Some British MPs are outraged by a ruling from the European Court of Human Rights that prisoners must be given the right to vote in political elections.

The Court supported a prior ruling that a blanket prohibition on inmates in England and Wales voting was unlawful.

British prisoners have been barred from voting for 140 years.

However, the court suggested that the British government could have the right to extend voting rights only to certain prisoners, that is, by withholding enfranchisement to the worst criminals, including murderers and rapists.

London now has six months to comply with the court’s ruling, or face the risk of court challenges and incurring large legal costs, including possibly paying compensation to 2,500 prisoners who have filed suit to overturn the ban.

However, UK MPs, who last year overwhelmingly voted to continue the prohibition on prisoners voting, may be irked by European court dictating policy to them.

Prime Minister David Cameron has said in the past that the thought of inmates voting made him “physically ill… They should lose some rights, including the right to vote.”

The case stretches back eight years to when John Hirst, a convicted killer, filed suit to protest his inability to vote.

David Davis, a Conservative MP for Haltemprice and Howden, condemned the Court‘s ruling as an infringement on the rights of Britain’s parliament’s “to decide on matters which are fundamental to the British way of life and which are not appropriate to judicial intervention.”

Davis added: “This will inevitably lead to a clash between the express wishes of the UK Parliament and the assertions of the European Court and will not help the court achieve its important functions in stopping breaches of fundamental rights throughout Europe.”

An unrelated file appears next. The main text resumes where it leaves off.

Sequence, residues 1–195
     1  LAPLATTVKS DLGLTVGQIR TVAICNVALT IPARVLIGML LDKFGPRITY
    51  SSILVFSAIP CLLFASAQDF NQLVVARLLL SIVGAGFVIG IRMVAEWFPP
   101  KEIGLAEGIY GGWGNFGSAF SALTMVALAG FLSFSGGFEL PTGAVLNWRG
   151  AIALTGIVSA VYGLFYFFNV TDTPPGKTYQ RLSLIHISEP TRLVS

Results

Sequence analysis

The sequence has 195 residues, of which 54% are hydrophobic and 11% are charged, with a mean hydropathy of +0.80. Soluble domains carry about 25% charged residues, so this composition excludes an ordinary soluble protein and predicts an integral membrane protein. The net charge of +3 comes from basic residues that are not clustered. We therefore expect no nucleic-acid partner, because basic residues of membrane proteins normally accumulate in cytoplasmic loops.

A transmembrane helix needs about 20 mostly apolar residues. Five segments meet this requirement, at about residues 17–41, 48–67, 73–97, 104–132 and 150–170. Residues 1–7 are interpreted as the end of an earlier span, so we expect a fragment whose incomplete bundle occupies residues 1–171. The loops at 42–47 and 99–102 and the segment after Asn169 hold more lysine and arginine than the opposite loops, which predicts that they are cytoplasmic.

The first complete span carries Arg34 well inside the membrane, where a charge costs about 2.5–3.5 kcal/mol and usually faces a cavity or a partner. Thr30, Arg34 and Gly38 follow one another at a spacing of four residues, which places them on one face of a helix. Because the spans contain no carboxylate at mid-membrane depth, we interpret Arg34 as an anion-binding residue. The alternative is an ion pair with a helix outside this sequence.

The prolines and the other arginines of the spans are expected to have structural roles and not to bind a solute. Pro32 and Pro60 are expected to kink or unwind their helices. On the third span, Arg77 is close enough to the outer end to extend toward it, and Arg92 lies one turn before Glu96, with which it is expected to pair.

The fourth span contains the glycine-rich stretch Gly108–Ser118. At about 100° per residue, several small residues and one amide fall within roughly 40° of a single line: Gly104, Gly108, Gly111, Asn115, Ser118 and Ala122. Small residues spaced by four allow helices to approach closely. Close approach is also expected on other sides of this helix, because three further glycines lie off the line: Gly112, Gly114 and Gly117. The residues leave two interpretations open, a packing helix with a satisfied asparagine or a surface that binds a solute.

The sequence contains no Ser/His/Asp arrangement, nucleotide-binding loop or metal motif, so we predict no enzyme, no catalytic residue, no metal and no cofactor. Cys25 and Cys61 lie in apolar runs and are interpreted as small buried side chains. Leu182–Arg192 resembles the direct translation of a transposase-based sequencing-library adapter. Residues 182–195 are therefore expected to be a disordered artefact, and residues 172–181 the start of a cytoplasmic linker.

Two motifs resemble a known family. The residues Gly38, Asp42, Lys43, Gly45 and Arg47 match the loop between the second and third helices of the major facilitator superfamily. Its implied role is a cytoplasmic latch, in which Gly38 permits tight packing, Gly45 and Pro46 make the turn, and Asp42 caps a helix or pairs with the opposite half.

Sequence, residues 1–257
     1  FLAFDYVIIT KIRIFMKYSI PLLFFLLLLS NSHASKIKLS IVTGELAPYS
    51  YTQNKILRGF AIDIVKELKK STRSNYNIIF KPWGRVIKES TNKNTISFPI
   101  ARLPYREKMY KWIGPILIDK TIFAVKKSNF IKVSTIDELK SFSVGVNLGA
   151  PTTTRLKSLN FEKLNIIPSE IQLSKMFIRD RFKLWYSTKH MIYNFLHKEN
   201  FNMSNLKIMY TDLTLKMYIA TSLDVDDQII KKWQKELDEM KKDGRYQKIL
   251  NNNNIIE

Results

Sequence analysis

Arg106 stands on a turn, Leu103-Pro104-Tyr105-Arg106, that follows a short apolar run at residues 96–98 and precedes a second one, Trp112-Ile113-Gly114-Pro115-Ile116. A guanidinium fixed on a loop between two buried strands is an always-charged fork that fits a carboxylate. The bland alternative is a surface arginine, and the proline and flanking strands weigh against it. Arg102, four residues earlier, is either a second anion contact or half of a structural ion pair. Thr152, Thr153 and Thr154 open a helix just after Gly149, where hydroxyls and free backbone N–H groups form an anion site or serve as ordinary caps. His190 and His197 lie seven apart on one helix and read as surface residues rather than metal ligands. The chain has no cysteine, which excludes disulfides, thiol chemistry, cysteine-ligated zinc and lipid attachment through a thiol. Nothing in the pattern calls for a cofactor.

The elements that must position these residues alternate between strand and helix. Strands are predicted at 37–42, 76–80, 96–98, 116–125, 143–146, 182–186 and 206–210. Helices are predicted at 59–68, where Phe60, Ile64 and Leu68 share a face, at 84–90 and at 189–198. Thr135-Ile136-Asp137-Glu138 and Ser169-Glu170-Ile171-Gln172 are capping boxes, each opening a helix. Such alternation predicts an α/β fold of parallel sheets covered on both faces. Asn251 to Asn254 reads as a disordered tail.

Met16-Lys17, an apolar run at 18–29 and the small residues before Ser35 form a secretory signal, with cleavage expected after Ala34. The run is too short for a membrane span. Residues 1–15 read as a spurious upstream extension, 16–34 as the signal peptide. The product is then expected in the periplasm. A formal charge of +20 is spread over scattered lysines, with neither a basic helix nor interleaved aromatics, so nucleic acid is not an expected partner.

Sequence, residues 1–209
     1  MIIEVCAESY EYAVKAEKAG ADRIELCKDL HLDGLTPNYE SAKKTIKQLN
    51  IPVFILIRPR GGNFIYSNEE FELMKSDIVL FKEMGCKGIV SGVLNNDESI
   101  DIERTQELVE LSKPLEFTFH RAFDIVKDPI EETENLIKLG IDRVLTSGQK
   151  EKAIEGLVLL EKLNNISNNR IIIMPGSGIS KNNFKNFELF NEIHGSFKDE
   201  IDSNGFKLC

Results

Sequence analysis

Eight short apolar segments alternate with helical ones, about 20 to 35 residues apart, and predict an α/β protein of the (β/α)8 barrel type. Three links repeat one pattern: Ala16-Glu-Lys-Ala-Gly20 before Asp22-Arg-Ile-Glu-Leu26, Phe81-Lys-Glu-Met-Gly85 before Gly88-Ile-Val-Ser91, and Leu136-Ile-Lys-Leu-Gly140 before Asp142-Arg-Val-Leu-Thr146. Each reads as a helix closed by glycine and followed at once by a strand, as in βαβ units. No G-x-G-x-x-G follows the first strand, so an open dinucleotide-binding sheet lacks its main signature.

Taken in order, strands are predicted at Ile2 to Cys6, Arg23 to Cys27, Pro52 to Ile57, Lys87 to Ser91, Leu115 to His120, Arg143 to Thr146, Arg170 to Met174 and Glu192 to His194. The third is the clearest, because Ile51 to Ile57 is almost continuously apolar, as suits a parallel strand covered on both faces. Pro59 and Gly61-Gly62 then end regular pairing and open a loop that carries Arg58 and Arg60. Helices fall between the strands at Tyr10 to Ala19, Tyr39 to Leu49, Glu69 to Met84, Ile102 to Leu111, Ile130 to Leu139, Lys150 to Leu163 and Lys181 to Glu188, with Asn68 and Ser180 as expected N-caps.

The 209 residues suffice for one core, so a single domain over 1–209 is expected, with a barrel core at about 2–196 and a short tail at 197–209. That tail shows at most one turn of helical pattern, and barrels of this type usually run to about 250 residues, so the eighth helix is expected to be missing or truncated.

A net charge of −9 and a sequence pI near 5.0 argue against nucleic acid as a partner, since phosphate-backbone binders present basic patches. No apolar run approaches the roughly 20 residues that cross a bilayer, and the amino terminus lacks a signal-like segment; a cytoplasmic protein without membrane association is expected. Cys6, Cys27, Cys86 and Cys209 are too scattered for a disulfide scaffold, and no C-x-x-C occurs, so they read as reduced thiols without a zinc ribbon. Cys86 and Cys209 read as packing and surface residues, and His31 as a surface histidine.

Another Tory MP, Priti Patel, of Witham, Essex, also condemned the ruling, calling it an “appalling decision.”

“The [British] public will be demanding that the Prime Minister now stands up for British interests and refuses to give convicted prisoners the right to vote,” she said.

“As well as continuing to demand that convicted prisoners get the right to vote, Europe’s out of touch judges have blocked the Home Secretary from deporting [terrorist] Abu Qatada and allowed dangerous foreign criminals to remain in the UK. It is about time real changes are made to prevent out of touch European judges meddling in our laws again.”

A spokeswoman for Cameron said the government will weigh the implications of ruling before issuing a formal response.

“Clearly we need to consider the implications of that judgment on the issue of prisoner voting for the UK,” she said.

“The position for the UK is that… the issue of social policy, including prisoner voting, is a matter for Parliament and it is for Parliament to judge whether and which prisoners should have the vote, and that the court should not interfere with that judgment unless it is manifestly without reasonable foundation.”

Dominic Casciani, a correspondent for BBC, commented: “What happens next? MPs, who have already voted against reforms, will be furious. The court's critics are predicting a constitutional clash. Ministers know they have to come up with something or risk paying compensation to lots of prisoners. Some backbenchers want ministers to publish a bill and then never act on it, technically meeting the court's request and doing no more. But, if something is put before MPs, don't expect more than what's needed to avoid further legal challenges.”

According to British government figures, the number of prisoners in England and Wales reached a record high of 88,179 in December 2011.

The U.S. generally doesn’t permit its huge prison population to vote, although it varies by state.

“Prisoner voting rights are determined by state laws,” said Jamie Chandler, a professor of political science at Hunter College in New York City.

Some [states] allow ex-felons and those on probation to vote, while others ban any felon from voting for life. Eleven states in the South have these laws. Only Maine and Vermont allow the imprisoned to vote.”

Meanwhile, the American Civil Liberties Union said in a report that “almost half of European countries allow all incarcerated people to vote while others disqualify only a small number of prisoners from the polls,” adding that almost all of the countries that disqualify all inmates are in Eastern Europe.